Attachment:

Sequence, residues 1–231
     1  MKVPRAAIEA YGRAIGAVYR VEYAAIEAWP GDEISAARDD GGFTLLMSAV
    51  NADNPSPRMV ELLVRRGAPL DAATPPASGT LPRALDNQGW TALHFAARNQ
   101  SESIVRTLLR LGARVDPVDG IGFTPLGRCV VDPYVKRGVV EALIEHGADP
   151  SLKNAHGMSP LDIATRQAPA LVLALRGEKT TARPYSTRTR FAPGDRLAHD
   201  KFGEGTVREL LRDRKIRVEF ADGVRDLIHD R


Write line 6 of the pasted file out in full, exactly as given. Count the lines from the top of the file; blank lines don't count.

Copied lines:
   201  KFGEGTVREL LRDRKIRVEF ADGVRDLIHD R